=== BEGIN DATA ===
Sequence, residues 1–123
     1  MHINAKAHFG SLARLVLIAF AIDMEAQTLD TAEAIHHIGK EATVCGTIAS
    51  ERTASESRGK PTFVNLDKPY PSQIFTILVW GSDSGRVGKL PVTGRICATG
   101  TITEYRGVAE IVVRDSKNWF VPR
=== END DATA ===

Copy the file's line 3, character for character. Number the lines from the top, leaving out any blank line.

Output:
    51  ERTASESRGK PTFVNLDKPY PSQIFTILVW GSDSGRVGKL PVTGRICATG